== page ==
In the May 16, 2013, issue of the Eugene Weekly, reporter Shannon Finnell writes:
At more than 400 pages, deciphering a city budget can be like trying to decode DNA. That’s why Eugene needs an independent auditor to examine it, figure out where and how much money the city could save and make it more sustainable, according to city councilors past and present and a former Eugene budget clerk.
Gerry Merritt, a retired computer science instructor who worked as a clerk in the city’s budget office for 14 years, says the budget is complicated enough that Eugene could benefit from an external auditor. He says that an auditor could figure out the answers to questions such as why the capital funds budget increased by millions of dollars, and where the city is repeatedly budgeting for expenditures it’s not making, which Merritt says is a fairly common practice in most cities.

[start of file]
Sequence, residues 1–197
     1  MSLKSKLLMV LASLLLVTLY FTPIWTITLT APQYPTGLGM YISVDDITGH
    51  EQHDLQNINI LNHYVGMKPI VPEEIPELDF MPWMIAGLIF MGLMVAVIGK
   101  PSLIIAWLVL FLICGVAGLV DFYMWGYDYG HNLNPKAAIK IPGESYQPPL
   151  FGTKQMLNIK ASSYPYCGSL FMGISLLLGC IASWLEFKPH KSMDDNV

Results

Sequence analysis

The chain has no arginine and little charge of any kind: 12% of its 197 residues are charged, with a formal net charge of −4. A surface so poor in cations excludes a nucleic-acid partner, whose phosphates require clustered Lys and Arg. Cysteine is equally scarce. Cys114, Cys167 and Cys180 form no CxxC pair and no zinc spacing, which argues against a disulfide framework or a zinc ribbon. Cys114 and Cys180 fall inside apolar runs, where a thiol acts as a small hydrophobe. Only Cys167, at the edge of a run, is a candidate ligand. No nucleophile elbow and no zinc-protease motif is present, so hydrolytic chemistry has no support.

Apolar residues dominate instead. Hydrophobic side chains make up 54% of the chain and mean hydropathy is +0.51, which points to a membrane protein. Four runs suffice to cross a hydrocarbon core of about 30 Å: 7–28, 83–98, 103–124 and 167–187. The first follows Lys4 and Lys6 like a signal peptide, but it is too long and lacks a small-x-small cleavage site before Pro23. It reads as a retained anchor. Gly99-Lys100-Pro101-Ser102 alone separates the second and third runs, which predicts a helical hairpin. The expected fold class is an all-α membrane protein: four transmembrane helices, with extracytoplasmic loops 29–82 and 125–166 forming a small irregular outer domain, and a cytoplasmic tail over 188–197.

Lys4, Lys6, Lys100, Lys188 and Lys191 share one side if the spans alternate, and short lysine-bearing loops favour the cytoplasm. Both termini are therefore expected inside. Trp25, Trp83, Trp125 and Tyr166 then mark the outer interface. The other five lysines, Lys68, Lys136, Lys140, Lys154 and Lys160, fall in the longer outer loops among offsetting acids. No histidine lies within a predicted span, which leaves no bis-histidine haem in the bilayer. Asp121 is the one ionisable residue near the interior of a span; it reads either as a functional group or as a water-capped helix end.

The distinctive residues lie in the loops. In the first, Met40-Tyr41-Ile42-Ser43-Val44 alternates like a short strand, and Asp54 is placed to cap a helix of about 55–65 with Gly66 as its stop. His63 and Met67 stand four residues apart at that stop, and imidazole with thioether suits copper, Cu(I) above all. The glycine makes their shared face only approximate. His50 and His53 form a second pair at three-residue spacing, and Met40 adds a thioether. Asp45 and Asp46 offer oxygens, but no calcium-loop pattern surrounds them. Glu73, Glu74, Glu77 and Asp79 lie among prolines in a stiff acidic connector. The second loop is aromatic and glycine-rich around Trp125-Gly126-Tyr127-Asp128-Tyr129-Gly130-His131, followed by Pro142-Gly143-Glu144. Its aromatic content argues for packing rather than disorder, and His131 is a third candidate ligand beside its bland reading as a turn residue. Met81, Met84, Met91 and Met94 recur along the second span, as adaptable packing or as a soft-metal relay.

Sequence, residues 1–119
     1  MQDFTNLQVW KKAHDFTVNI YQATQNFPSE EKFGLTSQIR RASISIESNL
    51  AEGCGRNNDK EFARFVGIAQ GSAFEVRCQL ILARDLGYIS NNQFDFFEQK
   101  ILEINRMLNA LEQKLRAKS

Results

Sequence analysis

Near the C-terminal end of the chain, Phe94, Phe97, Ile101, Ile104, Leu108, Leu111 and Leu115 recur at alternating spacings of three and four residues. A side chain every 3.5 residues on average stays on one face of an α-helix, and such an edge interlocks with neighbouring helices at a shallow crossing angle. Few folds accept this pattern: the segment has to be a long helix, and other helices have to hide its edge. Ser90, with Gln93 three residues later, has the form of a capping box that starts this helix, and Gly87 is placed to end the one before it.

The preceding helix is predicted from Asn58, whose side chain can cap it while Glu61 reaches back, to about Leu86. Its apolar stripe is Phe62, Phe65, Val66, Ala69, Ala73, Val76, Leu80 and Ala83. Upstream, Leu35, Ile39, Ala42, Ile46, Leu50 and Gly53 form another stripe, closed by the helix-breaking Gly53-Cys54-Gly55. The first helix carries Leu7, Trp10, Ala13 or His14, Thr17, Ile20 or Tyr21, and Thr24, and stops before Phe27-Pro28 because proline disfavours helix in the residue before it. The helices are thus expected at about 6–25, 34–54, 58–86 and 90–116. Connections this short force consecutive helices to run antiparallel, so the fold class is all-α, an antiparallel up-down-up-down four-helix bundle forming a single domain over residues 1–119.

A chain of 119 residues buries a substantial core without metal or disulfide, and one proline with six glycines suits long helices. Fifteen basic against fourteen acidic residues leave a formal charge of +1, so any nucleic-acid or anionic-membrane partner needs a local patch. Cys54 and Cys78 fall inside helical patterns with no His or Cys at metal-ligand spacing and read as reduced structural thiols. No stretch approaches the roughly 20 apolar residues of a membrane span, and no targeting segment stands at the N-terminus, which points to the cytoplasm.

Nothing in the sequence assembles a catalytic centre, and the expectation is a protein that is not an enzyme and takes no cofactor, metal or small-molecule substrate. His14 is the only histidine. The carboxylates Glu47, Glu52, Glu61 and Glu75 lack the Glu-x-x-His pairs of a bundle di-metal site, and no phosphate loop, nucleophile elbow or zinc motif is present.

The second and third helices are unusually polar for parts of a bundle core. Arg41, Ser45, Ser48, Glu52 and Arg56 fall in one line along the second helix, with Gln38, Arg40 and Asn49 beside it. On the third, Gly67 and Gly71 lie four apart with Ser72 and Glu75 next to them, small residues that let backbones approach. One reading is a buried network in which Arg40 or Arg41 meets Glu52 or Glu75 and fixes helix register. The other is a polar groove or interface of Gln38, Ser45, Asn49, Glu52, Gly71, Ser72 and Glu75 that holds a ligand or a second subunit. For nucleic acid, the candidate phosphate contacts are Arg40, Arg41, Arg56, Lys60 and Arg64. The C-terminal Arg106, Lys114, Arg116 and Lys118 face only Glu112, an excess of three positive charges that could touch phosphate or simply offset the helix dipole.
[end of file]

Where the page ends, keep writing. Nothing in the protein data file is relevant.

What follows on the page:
Understanding the budget and where money can be saved is key as the City Council and voters ponder Measure 20-211, the city services fee. …